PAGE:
Your instructor may ask you to complete one or more of the following exercises.
- Log in to Facebook or Twitter and try to find a political or health-related claim. Evaluate this claim according to the CRAAP test. Write a paragraph about your findings.
- If you’re taking more than one class, see if you can blend what you’re studying this week in two different classes into one thesis by using the “divide and conquer” method. For example, if you’re studying psychographic targeting in your marketing class and corporate social responsibility in your public relations class, you might write a research question that asks “Is all psychographic targeting ethical?”
- Write a paragraph connecting Brenda Knights’ narrative to the rest of the chapter or to your own experience.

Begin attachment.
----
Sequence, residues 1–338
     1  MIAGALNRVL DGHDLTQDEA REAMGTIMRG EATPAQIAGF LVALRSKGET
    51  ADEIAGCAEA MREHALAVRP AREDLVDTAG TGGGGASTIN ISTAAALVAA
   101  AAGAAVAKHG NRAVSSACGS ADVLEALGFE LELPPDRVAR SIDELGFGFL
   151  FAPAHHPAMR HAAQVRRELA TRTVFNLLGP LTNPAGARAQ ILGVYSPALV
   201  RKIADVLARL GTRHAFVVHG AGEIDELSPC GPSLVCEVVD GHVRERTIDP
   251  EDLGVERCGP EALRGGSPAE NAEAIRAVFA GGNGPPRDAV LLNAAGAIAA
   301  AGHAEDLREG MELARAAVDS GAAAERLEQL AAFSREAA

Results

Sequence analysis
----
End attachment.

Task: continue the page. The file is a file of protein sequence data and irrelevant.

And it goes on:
Burke, Kenneth. The Philosophy of Literary Form: Studies in Symbolic Action. New York: Vintage, 1957.
Catmull, Ed. “How Pixar Fosters Collective Creativity.” Harvard Business Review, vol. 86, no. 9, Sept. 2008, pp. 64-72. EBSCOhost.
Han, Soo Jeoung, et al. “How Virtual Team Leaders Cope with Creativity Challenges.” European Journal of Training & Development, vol. 41, no. 3, Apr. 2017, pp. 261-276. EBSCOhost, doi:10.1108/EJTD-10-2016-0073.
Kuhlthau, C. C. Seeking meaning: A process approach to library and information services. 2nd ed., Libraries Unlimited, 2004.
This chapter contains material from Choosing and Using Sources: A Guide To Academic Research by the Ohio State University Libraries, which is licensed under a Creative Commons Attribution 4.0 International License.
This chapter also contains material from Divide and Conquer: Rethinking Your Research Sources , which is available from WritingCommons.org and is licensed under a CC BY-NC-SA 3.0 license.
This chapter also contains material from SIFT: The Four Moves, which is licensed under a CC-BY 4.0 license.